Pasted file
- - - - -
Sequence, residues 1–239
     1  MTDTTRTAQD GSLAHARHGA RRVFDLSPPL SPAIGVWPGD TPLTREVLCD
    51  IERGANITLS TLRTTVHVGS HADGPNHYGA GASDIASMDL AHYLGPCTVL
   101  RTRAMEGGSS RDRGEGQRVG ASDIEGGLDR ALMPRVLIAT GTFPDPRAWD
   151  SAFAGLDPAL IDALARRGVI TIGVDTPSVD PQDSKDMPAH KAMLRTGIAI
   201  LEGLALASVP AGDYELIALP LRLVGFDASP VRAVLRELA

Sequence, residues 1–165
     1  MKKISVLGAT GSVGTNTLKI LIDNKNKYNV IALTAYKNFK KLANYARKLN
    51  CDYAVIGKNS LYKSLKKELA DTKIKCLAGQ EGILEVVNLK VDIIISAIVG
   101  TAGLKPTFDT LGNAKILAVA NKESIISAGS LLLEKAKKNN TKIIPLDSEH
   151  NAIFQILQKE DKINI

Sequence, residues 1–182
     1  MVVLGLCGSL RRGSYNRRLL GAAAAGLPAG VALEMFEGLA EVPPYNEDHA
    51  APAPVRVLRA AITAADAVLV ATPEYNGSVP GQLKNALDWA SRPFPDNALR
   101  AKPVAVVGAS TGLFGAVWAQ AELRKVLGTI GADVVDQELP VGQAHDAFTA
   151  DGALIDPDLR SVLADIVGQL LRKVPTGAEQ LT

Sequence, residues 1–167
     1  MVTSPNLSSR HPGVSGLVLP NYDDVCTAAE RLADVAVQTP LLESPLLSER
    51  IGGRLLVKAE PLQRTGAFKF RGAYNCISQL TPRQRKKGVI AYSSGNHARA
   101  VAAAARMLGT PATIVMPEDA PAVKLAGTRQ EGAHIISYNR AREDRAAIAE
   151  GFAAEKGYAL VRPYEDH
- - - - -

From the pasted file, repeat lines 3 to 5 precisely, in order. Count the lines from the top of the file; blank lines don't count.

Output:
    51  IERGANITLS TLRTTVHVGS HADGPNHYGA GASDIASMDL AHYLGPCTVL
   101  RTRAMEGGSS RDRGEGQRVG ASDIEGGLDR ALMPRVLIAT GTFPDPRAWD
   151  SAFAGLDPAL IDALARRGVI TIGVDTPSVD PQDSKDMPAH KAMLRTGIAI